On Gandhi Service Day, October 2, 2008:
It’s a pleasure for me to join today in commemorating Mahatma Gandhi’s day of birth, celebrated across America and around the world by service to our neighbors and other good works. Gandhi’s commitment to creating positive change by bringing people together peacefully to demand it resonate as strongly today as they did during his lifetime. Through the power of his example and his own unshakeable spirit, he inspired a people to resist oppression, sparking a revolution that freed a nation from colonial rule. In formulating his strategy to achieve freedom, Gandhi had a choice, and he chose courage over fear.
America faces many choices as we work to address the challenges of our time. We must act from a place of strength and conviction to reclaim the high road and position of moral leadership that has defined the United States at its best.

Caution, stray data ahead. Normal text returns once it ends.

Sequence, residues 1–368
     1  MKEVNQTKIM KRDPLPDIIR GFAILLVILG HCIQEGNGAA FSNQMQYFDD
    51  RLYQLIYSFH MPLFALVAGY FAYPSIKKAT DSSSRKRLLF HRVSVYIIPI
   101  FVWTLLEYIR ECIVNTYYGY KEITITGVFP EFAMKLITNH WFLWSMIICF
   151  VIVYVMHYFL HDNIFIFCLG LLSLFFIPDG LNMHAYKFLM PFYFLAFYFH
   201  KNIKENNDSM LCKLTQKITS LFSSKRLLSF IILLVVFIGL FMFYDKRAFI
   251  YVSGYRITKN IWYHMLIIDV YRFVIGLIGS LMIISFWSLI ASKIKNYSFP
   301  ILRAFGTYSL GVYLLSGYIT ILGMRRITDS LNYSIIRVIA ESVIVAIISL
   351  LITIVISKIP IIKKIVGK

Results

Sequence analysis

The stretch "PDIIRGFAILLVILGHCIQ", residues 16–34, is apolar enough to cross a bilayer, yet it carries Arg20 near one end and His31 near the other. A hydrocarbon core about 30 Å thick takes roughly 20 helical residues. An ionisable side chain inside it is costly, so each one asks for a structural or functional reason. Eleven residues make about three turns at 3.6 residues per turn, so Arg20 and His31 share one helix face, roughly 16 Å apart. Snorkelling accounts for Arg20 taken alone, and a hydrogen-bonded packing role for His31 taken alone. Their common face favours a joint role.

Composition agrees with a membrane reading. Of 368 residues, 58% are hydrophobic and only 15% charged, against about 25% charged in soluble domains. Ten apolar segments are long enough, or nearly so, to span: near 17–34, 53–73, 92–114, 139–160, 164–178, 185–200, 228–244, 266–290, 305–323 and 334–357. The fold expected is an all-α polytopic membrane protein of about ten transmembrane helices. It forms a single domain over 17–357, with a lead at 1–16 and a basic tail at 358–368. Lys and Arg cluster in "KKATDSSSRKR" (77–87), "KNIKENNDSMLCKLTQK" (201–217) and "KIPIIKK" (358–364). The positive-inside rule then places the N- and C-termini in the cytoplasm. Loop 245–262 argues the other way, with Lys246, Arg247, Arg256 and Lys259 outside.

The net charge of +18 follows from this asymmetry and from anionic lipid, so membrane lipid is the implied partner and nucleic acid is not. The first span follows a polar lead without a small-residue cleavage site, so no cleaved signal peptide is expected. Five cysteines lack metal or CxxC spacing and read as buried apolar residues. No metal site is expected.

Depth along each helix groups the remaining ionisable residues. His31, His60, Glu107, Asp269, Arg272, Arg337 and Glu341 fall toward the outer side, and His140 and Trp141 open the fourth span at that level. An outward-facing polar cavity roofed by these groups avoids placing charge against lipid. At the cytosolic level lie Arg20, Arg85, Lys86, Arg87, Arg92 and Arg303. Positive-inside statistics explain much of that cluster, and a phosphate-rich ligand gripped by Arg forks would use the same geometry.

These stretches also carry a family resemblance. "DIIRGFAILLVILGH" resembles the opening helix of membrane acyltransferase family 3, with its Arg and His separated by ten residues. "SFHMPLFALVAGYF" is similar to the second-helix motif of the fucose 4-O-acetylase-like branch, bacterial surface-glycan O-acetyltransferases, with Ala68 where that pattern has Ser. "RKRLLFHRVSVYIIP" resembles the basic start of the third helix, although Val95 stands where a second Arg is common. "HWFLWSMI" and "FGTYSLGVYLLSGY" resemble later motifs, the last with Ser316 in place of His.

Gandhi’s significance is universal. Countless people around the world have been touched by his spirit and example — his victory in turn inspired a generation of young Americans to peacefully wipe out a system of overt oppression that had endured for a century, and more recently led to velvet revolutions in Eastern Europe and extinguished apartheid in South Africa. Nelson Mandela, the Dalai Lama and Dr. Martin Luther King, Jr., spoke of their great debt to Gandhi. His portrait hangs in my office to remind me that real change will not come from Washington — it will come when the people, united, bring it to Washington.
This is a pivotal election. This is our time for change. For far too long, we’ve watched as ordinary Americans work harder and harder for less and less. We’ve watched our standing in the world erode as we continue to lose American lives in a war that should’ve never been authorized and never been waged. I need you to stand up and work for change. Let us all rededicate ourselves, every day from now until November 4th, and beyond, to living Gandhi’s call to be the change we wish to see in the world.